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You are our   Visitor


The February 9, 2016 Edition




The Newsleaf

Vol. 13  Issue 6


















Good habits formed at youth make all the difference. ~ Aristotle



Atchison County Community Junior Senior High School congratulates the 2016 King and Queen of Courts and their attendants, who were crowned during the halftime of the home basketball game against Holton High School, Friday February 5, 2016.  Patrick Sullivan was named King of Courts and Madison Meeks was named Queen of Courts.  Rounding out the royal court were candidates Mallory Eckert, Elizabeth Miller, Trever Smith Jr., and Sam Sowers. Assisting with the crowning were the ACCHS Cheerleaders and announcer, Student Council Vice President Jacob Chalfant.



It was a memorable evening for friends and family of Duane Feldkamp last Frida at the home basketball game with Holton.  Duane was honored with a plaque to be hung on the wall in the Tiger Commons area called the Tiger Wall of Fame. His family was present to share in the special event.  In the photo, Duane and Marcia stand together with the plaque.  According to Duane this award should be shared with his wife.




Atchison County Community Junior Senior High School announced the candidates for 2016 King and Queen of Mats. Queen candidates are shown in the banner above (L-R) Emily Henderson, Baylee Pitts and Caitlin Fuller. King candidates are Nicholas Hager, Brennen Bosch and Gyluss Hutchens.  The crowning ceremony will take place Thursday, February 11, 2016, in the ACCJSHS Gymnasium prior to the last match of the home wrestling triangular with Marysville and Prairie Hills.




(Palco school board member tells Legislature decision should be left to local patrons)

(TOPEKA) — Rural school patrons, school board members, and administrators packed a House committee meeting this week to oppose what they perceive as forced consolidation of rural school districts dictated by Topeka.

At issue is House Bill 2504, which would require 98 of Kansas’ 105 counties to have only one unified school district. The seven most populous counties in the state would be allowed to have multiple districts as long as each has more than 1,500 students. The bill would force the consolidation of over half the school districts in Kansas without the consideration by school district patrons.

Tom Benoit, a board member of Palco Unified School District 269, and member of Schools for Quality Education, a coalition of rural school districts, told the committee that consolidation of school districts, when appropriate, should be the decision of the local patrons of those districts.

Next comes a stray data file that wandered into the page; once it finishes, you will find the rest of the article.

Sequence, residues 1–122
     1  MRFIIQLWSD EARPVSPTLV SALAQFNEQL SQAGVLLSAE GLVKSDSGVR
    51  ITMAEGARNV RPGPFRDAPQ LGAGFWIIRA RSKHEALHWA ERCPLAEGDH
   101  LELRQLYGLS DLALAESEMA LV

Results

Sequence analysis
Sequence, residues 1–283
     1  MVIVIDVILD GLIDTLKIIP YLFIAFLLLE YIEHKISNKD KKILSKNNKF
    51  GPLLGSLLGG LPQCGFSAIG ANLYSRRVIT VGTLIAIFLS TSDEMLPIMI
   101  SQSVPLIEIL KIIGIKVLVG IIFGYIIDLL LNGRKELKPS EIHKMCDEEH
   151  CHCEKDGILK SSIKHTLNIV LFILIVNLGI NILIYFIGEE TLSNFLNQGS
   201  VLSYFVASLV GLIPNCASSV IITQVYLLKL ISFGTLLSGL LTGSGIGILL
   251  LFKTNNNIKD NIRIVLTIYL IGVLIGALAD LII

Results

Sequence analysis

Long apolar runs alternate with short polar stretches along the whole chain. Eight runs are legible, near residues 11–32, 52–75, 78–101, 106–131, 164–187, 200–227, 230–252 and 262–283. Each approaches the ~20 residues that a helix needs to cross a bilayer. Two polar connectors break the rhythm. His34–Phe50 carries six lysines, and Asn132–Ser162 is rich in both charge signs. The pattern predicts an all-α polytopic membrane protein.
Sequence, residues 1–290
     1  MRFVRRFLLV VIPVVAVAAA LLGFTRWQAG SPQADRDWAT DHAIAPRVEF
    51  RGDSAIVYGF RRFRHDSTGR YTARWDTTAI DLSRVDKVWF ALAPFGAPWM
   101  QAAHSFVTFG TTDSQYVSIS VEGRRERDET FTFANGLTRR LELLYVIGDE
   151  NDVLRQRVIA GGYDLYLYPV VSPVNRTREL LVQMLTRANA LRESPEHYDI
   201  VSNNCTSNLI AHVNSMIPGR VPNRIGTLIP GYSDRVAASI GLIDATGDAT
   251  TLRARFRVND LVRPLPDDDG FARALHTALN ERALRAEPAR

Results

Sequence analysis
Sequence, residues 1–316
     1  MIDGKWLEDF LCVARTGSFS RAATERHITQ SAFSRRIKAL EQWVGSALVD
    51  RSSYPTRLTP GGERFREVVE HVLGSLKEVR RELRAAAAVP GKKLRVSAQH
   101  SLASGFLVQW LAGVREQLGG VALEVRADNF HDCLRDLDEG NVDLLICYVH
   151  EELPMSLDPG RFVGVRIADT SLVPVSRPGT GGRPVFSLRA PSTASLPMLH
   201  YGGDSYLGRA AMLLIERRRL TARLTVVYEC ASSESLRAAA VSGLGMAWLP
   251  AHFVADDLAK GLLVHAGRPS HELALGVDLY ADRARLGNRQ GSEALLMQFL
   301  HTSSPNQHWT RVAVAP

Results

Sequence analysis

“The greater issue here is, quite simply, that of ‘local control,’ Benoit said. “It should go without saying that the control of local schools by the communities whose students are enrolled in those schools is a time honored Kansas virtue. These decisions are best left to local patrons and not based upon a hasty and ill conceived plan or decision from Topeka.”

Over 40 school board members, community leaders, economic development officials and patrons testified in opposition to the bill. Many told the committee that school districts are already implementing efficiencies, through decisions by their local school boards, by sharing services and consolidating administrative functions.

The bill’s author, Rep. John Bradford, R-Lansing, tried to defend the bill by saying it would not close schools, affect teachers, sell school buses, change school district boundaries, kill any school mascots, affect any students or football teams and wouldn’t increase the time students ride school buses.

However, Benoit drew applause from the citizens in the audience when he declared that Rep. Bradford was wrong and that every one of the effects he listed would become reality under the bill.

“The interest of students should always come first no matter what the size of the school,” Benoit said.

Schools for Quality Education is an organization of 90 rural Kansas school districts from across the state committed to providing quality educational opportunities for all children of Kansas. Visit them at